Says New York Times article contains “points of information”
Gov. Tom Corbett’s pick to head the state’s Department of Environmental Protection (DEP) said Wednesday the department’s core function is protecting public safety while providing accurate and accountable information on the natural gas industry in Pennsylvania.
The development of the Marcellus shale natural gas deposit beneath the state will be the major concern facing Michael Krancer if he is confirmed as DEP secretary. Environmental groups are concerned the drilling industry will permanently damage the state’s natural resources, but Mr. Krancer told the Senate Environment and Energy Committee the development can be done appropriately.
“Natural gas has a great potential to be a clean energy source and we have to do it right to protect drinking water and the environment,” said Mr. Krancer.
In a pair of stories published this week, The New York Times questioned whether drilling wastewater is being treated adequately before it is released into the environment in Pennsylvania. The article was also critical of drilling inspections by the state.
Mr. Krancer was questioned by Republican and Democrat members of the committee about the content and accuracy of the article. He said he read the article “with great interest” on Sunday but generally steered away from endorsing or denouncing its conclusions.
“The article, like everything else, is points of information. It is pieces of information that we need to consider and evaluate,” said Mr. Krancer. “That’s what I’m doing right now, I’m reading the article like everyone else.”
Earlier this week, former DEP Secretary John Hanger called the article “a malicious attempt to mischaracterize how Pennsylvania regulates its industry.”
Mr. Krancer did take issue with some of the statistics presented in the article.
The New York Times reported DEP has 31 inspectors to handle more than 71,000 active gas wells in Pennsylvania. Mr. Krancer said the department has 78 inspectors dedicated to inspecting the state’s Marcellus shale gas wells, of which there are fewer than 2,500 currently drilled, though more are expected. Only about 1,100 of those wells are currently active.
There are more than 71,000 gas wells in the commonwealth, but 96 percent of them are conventional shallow wells.
Mr. Krancer said the article revealed the importance of accurate information to be made available by the DEP.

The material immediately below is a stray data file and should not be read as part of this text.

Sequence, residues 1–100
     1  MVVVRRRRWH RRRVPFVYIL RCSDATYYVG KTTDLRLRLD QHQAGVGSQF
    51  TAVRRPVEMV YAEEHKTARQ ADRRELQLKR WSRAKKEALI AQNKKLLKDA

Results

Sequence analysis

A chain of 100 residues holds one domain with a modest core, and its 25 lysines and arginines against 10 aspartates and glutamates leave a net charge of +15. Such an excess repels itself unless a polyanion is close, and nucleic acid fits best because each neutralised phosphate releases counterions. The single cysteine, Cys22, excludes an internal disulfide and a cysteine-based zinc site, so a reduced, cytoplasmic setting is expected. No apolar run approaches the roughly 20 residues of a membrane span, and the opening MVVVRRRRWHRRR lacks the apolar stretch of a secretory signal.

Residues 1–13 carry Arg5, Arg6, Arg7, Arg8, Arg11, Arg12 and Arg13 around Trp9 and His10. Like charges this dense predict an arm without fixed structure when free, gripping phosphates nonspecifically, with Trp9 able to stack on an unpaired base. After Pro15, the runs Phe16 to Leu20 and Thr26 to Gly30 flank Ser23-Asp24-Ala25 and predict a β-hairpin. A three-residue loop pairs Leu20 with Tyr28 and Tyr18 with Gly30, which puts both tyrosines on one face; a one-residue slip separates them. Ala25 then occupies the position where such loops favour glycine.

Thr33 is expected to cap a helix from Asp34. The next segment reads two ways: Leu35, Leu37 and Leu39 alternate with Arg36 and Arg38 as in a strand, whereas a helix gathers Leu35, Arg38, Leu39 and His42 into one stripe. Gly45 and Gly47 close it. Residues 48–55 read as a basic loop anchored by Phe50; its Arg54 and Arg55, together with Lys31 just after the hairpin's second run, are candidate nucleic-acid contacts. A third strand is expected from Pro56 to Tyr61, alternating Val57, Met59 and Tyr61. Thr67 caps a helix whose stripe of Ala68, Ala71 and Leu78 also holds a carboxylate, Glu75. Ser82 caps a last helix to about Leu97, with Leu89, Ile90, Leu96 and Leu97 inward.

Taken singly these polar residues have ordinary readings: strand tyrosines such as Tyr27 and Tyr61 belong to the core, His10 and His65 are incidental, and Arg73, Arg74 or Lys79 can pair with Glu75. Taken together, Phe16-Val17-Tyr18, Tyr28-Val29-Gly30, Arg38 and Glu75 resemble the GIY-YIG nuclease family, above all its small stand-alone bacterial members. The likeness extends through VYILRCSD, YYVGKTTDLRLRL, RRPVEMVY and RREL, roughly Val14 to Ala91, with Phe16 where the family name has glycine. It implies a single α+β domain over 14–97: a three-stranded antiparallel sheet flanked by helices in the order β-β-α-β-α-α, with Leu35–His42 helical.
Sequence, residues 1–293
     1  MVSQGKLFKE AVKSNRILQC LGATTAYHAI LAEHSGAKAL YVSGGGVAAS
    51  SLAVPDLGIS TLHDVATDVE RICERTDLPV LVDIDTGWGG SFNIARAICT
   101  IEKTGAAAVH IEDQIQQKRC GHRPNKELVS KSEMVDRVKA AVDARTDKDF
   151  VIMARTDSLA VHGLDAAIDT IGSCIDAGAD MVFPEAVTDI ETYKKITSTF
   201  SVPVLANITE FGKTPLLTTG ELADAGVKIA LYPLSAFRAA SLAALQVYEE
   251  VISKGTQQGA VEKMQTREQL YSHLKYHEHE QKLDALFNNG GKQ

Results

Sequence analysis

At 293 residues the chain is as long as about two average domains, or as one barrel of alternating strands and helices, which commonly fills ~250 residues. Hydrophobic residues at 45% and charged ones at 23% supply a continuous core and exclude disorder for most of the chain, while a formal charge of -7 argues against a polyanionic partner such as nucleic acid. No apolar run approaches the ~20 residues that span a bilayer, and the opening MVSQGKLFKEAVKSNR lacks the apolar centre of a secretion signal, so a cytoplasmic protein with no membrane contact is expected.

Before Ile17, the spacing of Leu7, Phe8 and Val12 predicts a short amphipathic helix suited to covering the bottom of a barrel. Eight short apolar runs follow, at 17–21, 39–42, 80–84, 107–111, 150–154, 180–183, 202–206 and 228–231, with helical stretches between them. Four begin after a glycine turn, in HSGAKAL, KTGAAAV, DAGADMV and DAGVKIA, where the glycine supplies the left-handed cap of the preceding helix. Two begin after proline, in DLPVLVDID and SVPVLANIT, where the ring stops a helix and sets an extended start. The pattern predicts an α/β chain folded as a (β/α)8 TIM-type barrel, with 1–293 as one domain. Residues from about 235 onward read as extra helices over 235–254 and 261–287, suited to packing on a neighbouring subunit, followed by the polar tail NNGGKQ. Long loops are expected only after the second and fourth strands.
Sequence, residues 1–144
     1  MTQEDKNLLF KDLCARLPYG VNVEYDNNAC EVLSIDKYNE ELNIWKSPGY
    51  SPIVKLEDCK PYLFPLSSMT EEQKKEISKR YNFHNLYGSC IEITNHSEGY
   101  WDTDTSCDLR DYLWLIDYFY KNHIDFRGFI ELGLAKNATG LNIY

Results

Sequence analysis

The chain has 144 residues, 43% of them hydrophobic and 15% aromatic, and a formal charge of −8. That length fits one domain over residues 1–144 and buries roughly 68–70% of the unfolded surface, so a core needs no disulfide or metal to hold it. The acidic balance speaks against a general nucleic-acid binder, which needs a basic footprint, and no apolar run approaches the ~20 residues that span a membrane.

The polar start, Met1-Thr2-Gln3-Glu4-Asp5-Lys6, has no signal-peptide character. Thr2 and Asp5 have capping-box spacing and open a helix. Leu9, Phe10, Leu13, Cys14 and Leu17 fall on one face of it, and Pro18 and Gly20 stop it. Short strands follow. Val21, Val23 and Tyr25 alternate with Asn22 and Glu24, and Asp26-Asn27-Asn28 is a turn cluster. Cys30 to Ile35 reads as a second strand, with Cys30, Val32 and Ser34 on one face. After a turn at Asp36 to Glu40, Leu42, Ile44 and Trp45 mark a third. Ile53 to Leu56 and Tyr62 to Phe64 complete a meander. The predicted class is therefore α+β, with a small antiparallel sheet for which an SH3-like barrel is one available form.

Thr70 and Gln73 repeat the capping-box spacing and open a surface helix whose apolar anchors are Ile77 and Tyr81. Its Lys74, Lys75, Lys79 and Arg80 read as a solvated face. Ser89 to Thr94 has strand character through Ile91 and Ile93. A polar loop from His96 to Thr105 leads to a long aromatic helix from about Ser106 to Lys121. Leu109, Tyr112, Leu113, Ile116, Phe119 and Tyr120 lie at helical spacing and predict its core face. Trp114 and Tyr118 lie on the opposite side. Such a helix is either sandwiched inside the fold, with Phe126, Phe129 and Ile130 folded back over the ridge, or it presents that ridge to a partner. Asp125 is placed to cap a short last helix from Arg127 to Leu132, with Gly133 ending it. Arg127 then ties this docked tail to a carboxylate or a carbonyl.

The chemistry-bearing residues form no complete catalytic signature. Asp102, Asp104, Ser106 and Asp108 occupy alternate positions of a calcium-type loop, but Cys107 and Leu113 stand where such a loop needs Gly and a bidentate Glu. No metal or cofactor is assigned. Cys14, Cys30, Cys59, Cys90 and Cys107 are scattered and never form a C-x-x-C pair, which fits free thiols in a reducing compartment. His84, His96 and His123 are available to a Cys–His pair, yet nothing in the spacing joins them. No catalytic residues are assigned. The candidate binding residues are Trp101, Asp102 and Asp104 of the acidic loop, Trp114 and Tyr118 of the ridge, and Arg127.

“It is part of the role of the department to help the public to discern,” said Mr. Krancer. “We have to deal with facts and not with fear or fiction.”
Committee Chair Mary Jo White (R-Venango) asked if more testing or more inspectors are needed.
Mr. Krancer said the department has enough “boots on the ground” to inspect all the wells currently being drilled. All inspections are unannounced and more than 5,000 separate inspections took place last year, he said.
Well inspections are funded by the permit fees paid by drilling companies.
Mr. Krancer is well acquainted with environmental issues after spending 10 years as a judge on the state’s Environmental Hearing Board. He was nominated by former Gov. Tom Ridge to serve on the board in 1999. He has also served as assistant general counsel for the Exelon Corporation, an energy company based in Chicago. Exelon owns PECO, the major electric company in southeast Pennsylvania.
Mr. Krancer’s wife Barbara denoted $6,500 to Mr. Corbett’s recent gubernatorial campaign, according to state records.
His nomination was unanimously supported by the committee. The full state Senate will vote to confirm him in the coming weeks.
In statements, both Republican and Democrat chairs of the committee supported his confirmation.
“Pennsylvania faces a host of challenges, and opportunities, in the area of environmental protection and energy, and I believe Michael Krancer will bring to the job a depth of knowledge and a temperament that is widely respected in the field,” said Ms. White. “I urge my colleagues to support this nomination when it comes before the full Senate.”
“I applaud the committee’s unanimous approval of Michael Krancer as DEP Secretary,” said state Sen. John Yudichak (D-Luzerne), the committee’s minority chair. “Michael Krancer recognizes the importance of protecting Pennsylvania’s environment and natural resources. I am particularly pleased that he is mindful of the natural gas and alternative energy industries coming to Pennsylvania and what this will mean to the state.”